Scott Piatkowski alerted me yesterday to CTV’s contest, Political Idol:
If you believe you have what it takes, here’s how it works: Question Period viewers are asked to send in a minute-long written campaign speech on a topic of their choice to firstname.lastname@example.org or to the following address: 100 Queen St., Suite 1400, Ottawa, Ontario, K1P 1J9.
….Every week, Question Period will pick a winner and send a camera to shoot that person’s campaign speech, which will then be aired on the show.
At the end of the election campaign, viewers will vote for the best of all the campaign speeches that have aired.
Setting aside the apparent 93% discount on your 15-minute fame allocation, there’s a real challenge here: making a compelling case for an idea in 60 seconds. At a reasonably deliberate speaking pace, you’ll have 120 to 160 words to play with. That doesn’t leave much room for lengthy quotations or rambling anecdotes.
Now, nothing in the rules says you have to keep your speech private (and as far as I’m concerned, that kind of defeats the purpose). So if you want to share it with the world — or at least that thin sliver that frequents these pages — just leave it as a comment at the end of this post.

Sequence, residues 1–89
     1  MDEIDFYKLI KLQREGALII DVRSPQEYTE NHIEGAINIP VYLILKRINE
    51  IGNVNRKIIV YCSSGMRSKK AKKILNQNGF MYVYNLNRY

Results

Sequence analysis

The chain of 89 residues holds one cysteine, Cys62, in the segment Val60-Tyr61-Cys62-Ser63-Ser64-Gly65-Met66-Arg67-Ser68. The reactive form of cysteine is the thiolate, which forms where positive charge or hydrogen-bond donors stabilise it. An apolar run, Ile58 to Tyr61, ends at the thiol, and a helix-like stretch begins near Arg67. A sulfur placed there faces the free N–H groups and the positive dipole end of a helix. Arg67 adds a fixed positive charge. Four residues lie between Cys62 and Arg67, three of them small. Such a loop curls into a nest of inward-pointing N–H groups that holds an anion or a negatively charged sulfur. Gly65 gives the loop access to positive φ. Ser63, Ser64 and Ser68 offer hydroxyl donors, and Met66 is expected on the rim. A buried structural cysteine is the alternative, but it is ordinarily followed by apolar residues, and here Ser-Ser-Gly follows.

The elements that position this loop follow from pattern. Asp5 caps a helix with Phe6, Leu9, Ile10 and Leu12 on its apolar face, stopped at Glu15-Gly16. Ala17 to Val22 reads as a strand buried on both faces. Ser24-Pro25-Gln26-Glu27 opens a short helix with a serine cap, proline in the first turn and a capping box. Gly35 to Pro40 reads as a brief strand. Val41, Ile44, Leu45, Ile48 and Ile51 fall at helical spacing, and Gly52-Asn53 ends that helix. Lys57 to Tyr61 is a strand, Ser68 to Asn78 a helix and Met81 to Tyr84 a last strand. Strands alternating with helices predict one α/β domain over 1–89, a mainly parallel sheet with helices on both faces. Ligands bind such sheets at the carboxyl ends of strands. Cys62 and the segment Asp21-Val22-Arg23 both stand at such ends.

(I just ask that you leave nothing libellous, no personal attacks, and nothing that promotes hatred or discrimination against people on the basis of gender, race, sexual orientation or identity, religion, province or country of origin, or choice of operating system. Unlike Political Idol, we welcome submissions from candidates, party staffers and Bell Globemedia employees.)
Incidentally, check out the speechwriting tips on the CTV page from reporter Craig Oliver. It’s pretty much all good advice, although this one gave me momentary palpitations until I reread it:
Structure the speech like an essay
Readers and listeners like structure — have an introduction, make your point, back it up with evidence, and repeat your central theme with a strong conclusion.
That’s structure your speech like an essay… not write your speech like an essay. The kind of lengthy, complex sentences that work well on the printed page can be oratorical death on the podium.
Okay — get those keyboards clicking, team!